Keep whatever wake-up time you pick consistent at weekends and on holidays so your toddler doesn’t fall out of sync with her routine.
2) Sit down for breakfast
Didn’t your mum always say that breakfast is the most important meal of the day? Well, she was right, as it gives your toddler (and you) energy to cope with the day ahead. Try as much as you can to sit together at the table to give her a chilled-out start.
“It can be difficult to eat as a family when you’re busy and running around in the morning,” says paediatric dietitian Judy More. “So plan ahead to eat together, and maybe think about getting up a little earlier to make time for this so your toddler doesn’t feel rushed and stressed, which can affect her appetite.”
Think about breakfast before you go to bed, and take five minutes to lay the table and check what you’ve got to eat so you don’t have a mad rush in the morning when you’ve got a hungry tot.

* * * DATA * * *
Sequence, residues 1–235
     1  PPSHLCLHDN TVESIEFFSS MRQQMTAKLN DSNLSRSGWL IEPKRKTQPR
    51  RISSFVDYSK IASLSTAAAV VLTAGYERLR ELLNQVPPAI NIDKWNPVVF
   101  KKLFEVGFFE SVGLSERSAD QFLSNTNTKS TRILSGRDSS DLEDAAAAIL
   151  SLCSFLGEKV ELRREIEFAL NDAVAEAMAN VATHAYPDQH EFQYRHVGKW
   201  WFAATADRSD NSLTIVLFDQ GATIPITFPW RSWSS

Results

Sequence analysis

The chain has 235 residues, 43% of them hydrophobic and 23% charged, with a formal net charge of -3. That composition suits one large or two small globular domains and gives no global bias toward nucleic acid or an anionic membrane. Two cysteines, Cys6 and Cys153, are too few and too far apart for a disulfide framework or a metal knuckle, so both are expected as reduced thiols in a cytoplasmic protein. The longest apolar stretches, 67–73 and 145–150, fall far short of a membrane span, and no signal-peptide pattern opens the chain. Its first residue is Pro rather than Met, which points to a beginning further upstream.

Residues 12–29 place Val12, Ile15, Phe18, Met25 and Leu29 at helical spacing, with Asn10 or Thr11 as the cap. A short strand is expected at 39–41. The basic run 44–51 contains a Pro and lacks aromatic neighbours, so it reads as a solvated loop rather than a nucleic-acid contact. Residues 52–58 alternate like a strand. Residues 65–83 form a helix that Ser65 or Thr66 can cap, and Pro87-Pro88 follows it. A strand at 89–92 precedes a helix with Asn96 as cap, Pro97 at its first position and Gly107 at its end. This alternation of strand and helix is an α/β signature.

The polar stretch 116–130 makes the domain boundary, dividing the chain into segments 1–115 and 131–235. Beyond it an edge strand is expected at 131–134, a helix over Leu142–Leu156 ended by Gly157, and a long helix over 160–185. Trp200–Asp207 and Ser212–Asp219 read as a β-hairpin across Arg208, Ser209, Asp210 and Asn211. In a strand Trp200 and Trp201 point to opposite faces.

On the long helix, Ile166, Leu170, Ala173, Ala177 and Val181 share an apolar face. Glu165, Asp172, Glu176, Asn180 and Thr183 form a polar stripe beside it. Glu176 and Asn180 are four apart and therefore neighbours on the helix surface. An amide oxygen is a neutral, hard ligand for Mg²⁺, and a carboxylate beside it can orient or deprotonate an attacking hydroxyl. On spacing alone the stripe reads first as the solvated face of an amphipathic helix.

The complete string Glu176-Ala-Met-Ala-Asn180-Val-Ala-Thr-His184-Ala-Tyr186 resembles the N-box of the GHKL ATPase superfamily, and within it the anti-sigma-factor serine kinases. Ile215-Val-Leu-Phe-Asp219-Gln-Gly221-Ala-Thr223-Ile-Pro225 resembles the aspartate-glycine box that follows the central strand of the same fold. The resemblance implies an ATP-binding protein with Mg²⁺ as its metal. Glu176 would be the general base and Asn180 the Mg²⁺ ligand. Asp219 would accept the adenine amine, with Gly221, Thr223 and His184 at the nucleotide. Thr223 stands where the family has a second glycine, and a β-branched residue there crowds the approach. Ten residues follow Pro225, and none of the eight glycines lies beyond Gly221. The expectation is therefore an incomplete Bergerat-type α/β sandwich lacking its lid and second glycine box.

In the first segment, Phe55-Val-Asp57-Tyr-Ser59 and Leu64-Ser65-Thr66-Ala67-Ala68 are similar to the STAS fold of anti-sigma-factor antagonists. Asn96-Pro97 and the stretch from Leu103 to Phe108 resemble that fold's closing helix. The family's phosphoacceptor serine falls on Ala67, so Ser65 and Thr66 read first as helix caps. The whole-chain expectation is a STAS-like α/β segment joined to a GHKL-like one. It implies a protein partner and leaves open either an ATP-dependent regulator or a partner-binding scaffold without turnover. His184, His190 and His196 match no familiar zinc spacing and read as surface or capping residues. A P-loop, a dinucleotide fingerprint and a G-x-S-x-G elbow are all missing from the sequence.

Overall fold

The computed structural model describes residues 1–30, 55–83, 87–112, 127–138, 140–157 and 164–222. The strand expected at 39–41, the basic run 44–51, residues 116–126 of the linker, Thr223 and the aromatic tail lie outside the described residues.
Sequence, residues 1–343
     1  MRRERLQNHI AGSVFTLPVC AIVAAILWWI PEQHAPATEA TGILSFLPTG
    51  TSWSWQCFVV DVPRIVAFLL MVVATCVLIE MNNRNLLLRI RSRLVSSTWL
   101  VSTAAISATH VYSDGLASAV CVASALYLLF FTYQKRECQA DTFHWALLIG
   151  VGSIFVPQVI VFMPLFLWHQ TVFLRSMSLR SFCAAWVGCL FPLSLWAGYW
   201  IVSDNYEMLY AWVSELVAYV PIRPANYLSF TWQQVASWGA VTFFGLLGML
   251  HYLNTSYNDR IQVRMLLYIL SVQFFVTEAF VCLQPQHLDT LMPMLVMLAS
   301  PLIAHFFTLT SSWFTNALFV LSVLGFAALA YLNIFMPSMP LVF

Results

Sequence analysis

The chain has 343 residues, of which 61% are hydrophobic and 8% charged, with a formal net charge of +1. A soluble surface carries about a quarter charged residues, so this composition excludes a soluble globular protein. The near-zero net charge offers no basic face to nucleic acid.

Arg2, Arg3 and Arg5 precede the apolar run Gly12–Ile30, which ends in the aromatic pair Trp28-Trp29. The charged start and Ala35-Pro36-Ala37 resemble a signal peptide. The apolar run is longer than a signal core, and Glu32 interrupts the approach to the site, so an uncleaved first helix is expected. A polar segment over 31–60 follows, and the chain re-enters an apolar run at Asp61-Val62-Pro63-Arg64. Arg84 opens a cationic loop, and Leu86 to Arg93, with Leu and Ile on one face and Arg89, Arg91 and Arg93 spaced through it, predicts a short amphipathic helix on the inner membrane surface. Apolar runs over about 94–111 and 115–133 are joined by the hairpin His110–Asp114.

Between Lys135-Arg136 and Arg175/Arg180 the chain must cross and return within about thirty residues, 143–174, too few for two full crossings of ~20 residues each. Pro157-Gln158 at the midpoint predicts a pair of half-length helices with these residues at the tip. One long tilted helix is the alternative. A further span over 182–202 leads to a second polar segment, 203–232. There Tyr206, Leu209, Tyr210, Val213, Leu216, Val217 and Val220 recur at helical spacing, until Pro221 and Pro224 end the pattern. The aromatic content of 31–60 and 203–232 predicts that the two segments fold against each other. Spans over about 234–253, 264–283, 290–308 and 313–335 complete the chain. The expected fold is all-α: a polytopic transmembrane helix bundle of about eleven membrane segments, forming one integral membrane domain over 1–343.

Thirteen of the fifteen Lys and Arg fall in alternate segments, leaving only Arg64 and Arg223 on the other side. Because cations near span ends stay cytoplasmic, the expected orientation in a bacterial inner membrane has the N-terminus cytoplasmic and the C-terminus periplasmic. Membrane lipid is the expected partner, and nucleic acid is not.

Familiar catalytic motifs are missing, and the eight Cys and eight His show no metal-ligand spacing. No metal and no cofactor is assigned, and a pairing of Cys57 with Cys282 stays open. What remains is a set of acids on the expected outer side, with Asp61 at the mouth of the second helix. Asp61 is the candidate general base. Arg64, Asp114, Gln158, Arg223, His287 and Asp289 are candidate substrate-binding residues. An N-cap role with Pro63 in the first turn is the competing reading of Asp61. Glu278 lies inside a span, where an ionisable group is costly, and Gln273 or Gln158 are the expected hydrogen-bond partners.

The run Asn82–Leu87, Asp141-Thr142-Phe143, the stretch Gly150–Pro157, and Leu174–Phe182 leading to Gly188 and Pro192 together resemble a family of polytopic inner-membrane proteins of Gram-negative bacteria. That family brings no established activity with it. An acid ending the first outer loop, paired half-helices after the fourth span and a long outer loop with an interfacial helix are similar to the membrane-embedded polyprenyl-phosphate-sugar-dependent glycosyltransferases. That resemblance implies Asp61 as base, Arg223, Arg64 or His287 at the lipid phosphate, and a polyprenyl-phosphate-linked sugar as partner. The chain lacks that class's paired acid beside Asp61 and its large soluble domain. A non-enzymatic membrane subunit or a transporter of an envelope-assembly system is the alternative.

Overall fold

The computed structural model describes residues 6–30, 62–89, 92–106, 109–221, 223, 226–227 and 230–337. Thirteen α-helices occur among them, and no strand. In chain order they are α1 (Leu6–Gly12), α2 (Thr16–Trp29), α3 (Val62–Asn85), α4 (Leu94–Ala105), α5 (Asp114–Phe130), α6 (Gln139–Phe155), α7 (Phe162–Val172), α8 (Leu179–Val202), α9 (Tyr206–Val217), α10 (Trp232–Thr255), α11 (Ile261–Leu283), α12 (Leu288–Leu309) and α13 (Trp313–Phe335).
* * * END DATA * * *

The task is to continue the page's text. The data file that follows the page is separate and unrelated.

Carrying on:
Make the most of the commons and parks in Wandsworth
3) Plan an outing
Mornings can be a long old slog for the under 3s, so have activities planned to keep your tot busy, and plan when and where you’ll be having your lunch. “It’s fine to have lazy days at home, but having a regular outing or class to go to will keep your toddler alert and give you something to tempt her with when you need to get out,” says Katy. “Let your child know what’s happening and where you’re both going. This way you’ll avoid tears and tantrums if you spring it on her.” If you’re going out, get your bag packed and at the door, and know your route. So, if she does throw a wobbly, she won’t delay you too much.